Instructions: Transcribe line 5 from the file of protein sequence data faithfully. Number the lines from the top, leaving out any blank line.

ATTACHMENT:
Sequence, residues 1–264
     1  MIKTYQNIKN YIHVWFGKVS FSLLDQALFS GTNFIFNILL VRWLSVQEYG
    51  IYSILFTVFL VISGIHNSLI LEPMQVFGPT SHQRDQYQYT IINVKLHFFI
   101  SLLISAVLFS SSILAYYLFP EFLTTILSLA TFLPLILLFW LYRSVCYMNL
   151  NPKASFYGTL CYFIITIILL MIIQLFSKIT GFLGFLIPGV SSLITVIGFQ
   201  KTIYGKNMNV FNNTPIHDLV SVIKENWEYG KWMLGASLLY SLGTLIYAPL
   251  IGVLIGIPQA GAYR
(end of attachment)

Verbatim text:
   151  NPKASFYGTL CYFIITIILL MIIQLFSKIT GFLGFLIPGV SSLITVIGFQ